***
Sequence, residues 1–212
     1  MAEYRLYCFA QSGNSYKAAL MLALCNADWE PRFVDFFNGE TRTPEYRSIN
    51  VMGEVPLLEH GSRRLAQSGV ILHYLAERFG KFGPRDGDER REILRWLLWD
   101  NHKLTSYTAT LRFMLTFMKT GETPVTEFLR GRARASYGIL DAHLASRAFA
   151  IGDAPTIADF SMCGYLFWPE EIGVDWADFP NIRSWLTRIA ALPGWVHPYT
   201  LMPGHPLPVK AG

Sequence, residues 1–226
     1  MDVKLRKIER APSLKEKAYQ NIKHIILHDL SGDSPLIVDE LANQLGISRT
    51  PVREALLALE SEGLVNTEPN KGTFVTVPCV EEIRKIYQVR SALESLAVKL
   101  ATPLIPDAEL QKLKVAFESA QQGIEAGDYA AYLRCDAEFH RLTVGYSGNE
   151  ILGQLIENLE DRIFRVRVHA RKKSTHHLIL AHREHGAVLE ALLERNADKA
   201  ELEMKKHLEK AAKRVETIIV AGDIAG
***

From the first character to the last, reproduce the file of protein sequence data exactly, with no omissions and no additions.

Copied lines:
Sequence, residues 1–212
     1  MAEYRLYCFA QSGNSYKAAL MLALCNADWE PRFVDFFNGE TRTPEYRSIN
    51  VMGEVPLLEH GSRRLAQSGV ILHYLAERFG KFGPRDGDER REILRWLLWD
   101  NHKLTSYTAT LRFMLTFMKT GETPVTEFLR GRARASYGIL DAHLASRAFA
   151  IGDAPTIADF SMCGYLFWPE EIGVDWADFP NIRSWLTRIA ALPGWVHPYT
   201  LMPGHPLPVK AG

Sequence, residues 1–226
     1  MDVKLRKIER APSLKEKAYQ NIKHIILHDL SGDSPLIVDE LANQLGISRT
    51  PVREALLALE SEGLVNTEPN KGTFVTVPCV EEIRKIYQVR SALESLAVKL
   101  ATPLIPDAEL QKLKVAFESA QQGIEAGDYA AYLRCDAEFH RLTVGYSGNE
   151  ILGQLIENLE DRIFRVRVHA RKKSTHHLIL AHREHGAVLE ALLERNADKA
   201  ELEMKKHLEK AAKRVETIIV AGDIAG